WASHINGTON, D.C. – U.S. Representative Mark Walker (R-N.C.) released the following statement after the National Center for Education Statistics (NCES) at the Department of Education released the results of the 2017 National Assessment of Educational Progress (NAEP), known as the "Nation's Report Card":
"The release of the 2017 ‘Nation’s Report Card’ shows the stark reality that we are failing to prepare our children to live prosperous lives and ultimately pushing the American Dream out of reach. This report is not an indictment on the teachers and administrators who work passionately to serve our students, but ultimately highlights the failures of a system of bureaucratic mandates and one-size-fits-all policies that prioritize meeting arbitrary standards rather than what is best for each student.
"That is why I introduced the A-PLUS Act to empower parents, teachers and local administrators to better address the needs of students and schools in their communities. With government’s education approach for the last five decades falling well below even the most reasonable expectations, it’s time to choose a better path."
According to the NCES, the NAEP is "the largest nationally representative and continuing assessment of what America's students know and can do in various subject areas."
From the last NAEP assessment in 2015, scores largely remained stagnant or declined with:
- Only 37 percent of 4th graders and 36 percent of 8th graders scoring proficient or above in reading.
- Only 40 percent of 4th graders and 34 percent of 8th graders scoring proficient or above in math.
"The 2015 National Assessment of Education Progress represented the first time math and reading scores had declined or remained stagnant since the test was first administered in 1990," wrote Lindsey Burke, Will Skillman fellow in education policy at The Heritage Foundation. "Further declines and an overall stagnation in 2017 suggest a trend—namely, scores are going in the wrong direction."
"Historically, federal education spending has been appropriated to close gaps, yet this spending — more than $2 trillion in inflation-adjusted spending at the federal level alone since 1965 — has utterly failed to achieve that goal," Burke added. "Increasing federal intervention over the past half-century, and the resulting burden of complying with federal programs, rules, and regulations, have created a parasitic relationship with federal education programs and states, and is straining the time and resources of local schools."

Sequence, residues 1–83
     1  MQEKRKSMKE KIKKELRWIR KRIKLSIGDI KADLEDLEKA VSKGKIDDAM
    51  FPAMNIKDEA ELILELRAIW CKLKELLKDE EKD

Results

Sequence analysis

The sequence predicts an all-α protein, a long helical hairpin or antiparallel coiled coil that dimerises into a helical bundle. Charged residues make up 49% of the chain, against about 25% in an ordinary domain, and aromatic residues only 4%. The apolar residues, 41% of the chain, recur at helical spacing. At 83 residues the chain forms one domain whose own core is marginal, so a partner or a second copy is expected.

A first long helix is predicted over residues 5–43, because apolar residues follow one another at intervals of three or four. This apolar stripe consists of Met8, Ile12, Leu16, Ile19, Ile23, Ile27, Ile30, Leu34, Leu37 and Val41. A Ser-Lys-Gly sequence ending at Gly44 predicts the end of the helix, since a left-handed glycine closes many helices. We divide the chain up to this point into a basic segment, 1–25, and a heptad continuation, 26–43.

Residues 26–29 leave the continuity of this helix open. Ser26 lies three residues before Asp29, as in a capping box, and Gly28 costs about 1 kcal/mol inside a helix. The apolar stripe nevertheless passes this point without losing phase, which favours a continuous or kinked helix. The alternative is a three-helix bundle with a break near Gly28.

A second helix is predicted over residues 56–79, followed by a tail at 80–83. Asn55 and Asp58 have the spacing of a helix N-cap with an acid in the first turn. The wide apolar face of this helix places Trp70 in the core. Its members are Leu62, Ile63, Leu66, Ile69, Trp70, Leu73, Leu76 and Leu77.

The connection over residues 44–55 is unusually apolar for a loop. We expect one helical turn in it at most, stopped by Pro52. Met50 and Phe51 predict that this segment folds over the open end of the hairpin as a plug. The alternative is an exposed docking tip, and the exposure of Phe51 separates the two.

To address these issues and inject flexibility into the federal education model, Walker introduced H.R. 719, the Academic Partnerships Lead Us to Success Act (A-PLUS) Act. The A-PLUS Act would empower parents, teachers and local administrators to better address the needs of students and schools in their communities.
The community-focused approach of the A-PLUS Act prioritizes restoring state and local control of education by giving them the option to decline participation in the prescriptive and onerous requirements of federal education programs and focus that funding on solutions that meet the needs of their students and their neighborhoods.
This legislation will help lessen the compliance burdens at schools, allowing them to focus on reducing administrative staff, hiring more teachers and focus on educating our next generation of leaders. Instead of teachers following strict guidelines and being forced to educate every student the same way, they will be free to be creative in addressing the unique talents and abilities of each child. All while keeping every dollar of their federal funding.
The NAEP assessment is clear. Our education system is failing our students. Walker's A-PLUS Act can help flip the current top-down model and give students better access to a quality education.